Weeks after the Humboldt Broncos bus crash that killed 16, many Canadians continue to think about the lives taken too soon. Kids Help Phone national youth council chair Ben Sabic is one of the people impacted by the lasting effects of the tragedy.
Sabic has served in a variety of roles in the amateur sports community and has travelled on a team bus on many occasions throughout his life, both as an athlete and as a coach. He said the news hit close to home for him.
“It makes you wonder what would have happened if it happened to your bus, or what would have happened if you sat in the wrong spot on the bus and that resulted in you being injured or even killed.”
“The reason it impacted other Canadians and other individuals around the globe is because it really could have happened to anyone, anyone’s team bus travelling to a tournament or a game,” Sabic said.
Sabic said he personally reached out to Humboldt Broncos management and the Saskatchewan hockey community to offer support.
“One of the hardest things about a tragedy like this for survivors is the mental toll,” Sabic said, adding that some survivors will battle a lot of guilt.
“Survivors will often look at photos of the accident and wonder why they chose that seat, or why they argued with the teammate for that seat, and that teammate may no longer be with us.”
The most important thing people can do for their mental health is talk about how they’re feeling, Sabic said. Otherwise “it can result in your mental health diminishing.”
The Kids Help Phone team created a #HumboldtStrong web page with resources and supports that anyone can access.
WATCH: Ben Sabic speaks about how Kids Help Phone is offering support to Canadians
Following the news of the incident, Kids Help Phone expanded their crisis text line service to Saskatchewan so that not just the survivors but also the families and other individuals impacted by the tragedy would have access.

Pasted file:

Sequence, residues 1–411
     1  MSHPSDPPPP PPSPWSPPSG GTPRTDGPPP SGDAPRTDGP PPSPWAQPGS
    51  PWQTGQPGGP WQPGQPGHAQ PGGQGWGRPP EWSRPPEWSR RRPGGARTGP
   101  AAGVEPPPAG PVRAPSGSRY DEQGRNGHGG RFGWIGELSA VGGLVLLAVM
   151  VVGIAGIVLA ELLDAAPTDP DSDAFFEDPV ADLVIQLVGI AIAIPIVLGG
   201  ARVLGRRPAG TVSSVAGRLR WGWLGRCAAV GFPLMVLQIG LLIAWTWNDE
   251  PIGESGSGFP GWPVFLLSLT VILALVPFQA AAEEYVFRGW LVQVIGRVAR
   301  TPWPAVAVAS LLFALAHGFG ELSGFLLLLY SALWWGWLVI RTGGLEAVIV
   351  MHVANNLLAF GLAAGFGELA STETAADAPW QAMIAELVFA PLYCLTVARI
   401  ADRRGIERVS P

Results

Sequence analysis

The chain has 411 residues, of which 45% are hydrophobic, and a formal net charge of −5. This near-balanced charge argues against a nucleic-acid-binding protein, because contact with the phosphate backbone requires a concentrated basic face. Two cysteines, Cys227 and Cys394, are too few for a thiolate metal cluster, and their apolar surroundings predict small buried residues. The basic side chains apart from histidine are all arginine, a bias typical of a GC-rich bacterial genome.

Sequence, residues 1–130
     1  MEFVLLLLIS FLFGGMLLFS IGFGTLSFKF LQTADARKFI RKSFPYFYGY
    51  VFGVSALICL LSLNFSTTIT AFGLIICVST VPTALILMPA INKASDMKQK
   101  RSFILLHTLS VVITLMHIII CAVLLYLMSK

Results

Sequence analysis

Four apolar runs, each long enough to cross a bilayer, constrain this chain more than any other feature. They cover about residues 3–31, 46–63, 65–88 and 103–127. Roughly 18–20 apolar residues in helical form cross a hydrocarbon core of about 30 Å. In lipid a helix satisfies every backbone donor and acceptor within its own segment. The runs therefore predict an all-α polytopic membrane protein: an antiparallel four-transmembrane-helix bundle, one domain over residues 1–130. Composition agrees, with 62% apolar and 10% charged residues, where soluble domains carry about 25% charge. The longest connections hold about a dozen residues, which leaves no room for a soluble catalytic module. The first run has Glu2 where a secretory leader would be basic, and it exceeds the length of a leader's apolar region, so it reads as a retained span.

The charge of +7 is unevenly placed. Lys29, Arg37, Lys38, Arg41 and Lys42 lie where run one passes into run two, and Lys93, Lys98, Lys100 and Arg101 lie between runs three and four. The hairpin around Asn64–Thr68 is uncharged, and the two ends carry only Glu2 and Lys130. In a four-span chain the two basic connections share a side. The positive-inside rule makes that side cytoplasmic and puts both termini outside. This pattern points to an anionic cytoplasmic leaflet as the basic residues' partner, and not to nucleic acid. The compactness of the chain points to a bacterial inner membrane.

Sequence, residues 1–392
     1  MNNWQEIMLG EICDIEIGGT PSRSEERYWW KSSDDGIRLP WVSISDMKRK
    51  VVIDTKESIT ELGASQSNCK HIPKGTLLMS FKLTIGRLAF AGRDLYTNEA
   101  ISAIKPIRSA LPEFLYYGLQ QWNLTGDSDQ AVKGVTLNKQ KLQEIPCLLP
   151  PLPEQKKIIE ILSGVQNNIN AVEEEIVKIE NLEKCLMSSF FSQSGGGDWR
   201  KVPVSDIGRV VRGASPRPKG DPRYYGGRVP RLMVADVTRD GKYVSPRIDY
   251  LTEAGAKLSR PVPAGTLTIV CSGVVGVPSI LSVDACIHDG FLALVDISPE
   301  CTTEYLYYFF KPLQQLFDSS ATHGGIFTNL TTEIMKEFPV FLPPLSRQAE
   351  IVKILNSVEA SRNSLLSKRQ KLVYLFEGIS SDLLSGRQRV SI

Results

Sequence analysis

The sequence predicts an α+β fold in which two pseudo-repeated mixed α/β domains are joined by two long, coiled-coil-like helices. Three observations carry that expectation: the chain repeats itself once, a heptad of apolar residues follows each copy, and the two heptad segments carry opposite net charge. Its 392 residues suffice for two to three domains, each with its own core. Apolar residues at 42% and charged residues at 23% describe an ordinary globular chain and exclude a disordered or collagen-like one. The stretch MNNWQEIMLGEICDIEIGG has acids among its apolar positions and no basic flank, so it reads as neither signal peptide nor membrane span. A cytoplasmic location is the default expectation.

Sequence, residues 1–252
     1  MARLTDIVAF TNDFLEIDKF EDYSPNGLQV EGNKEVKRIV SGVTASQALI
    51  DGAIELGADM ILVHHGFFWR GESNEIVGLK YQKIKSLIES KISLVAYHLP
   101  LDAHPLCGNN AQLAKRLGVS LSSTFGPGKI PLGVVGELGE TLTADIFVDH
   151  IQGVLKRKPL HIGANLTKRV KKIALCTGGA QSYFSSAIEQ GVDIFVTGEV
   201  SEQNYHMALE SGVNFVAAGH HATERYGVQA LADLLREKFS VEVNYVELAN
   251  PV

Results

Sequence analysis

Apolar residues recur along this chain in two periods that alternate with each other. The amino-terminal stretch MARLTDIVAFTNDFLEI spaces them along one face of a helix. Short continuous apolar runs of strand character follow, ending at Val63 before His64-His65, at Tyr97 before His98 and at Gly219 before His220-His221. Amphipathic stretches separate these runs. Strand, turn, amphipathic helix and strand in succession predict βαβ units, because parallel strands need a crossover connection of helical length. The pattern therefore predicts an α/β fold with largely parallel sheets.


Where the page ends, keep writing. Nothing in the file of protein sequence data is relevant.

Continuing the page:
“We’ve received a great response from youth in Manitoba so far so we thought it would be a good way for Kids Help Phone to support young people at a time of need,” Sabic said.
The original plan was to run a trial of the texting support service in Manitoba only, to gauge interest.
Now, the texting support service will continue to be available in Saskatchewan as well, so young people there and in Manitoba can text “CONNECT 686868” to receive a response from a trained crisis responder.
“We’re going to continue doing a six months service trial. At the completion of the trial we’ll look at our data and look at the response we received from text and from there we will determine where we should expand next in Canada,” Sabic said.
“Our texting service is unique in a sense because it’s staffed by volunteer crisis responders that undergo a thorough 30-hour training period.”
Paid, professional texting supervisors monitor the texting platform and offer coaching to volunteer crisis responders when needed, according to Kids Help Phone. The supervisors will step in if a situation escalates.
Kids Help Phone’s professional counsellors will continue to provide counselling to young Canadians over the phone and through online live chat service.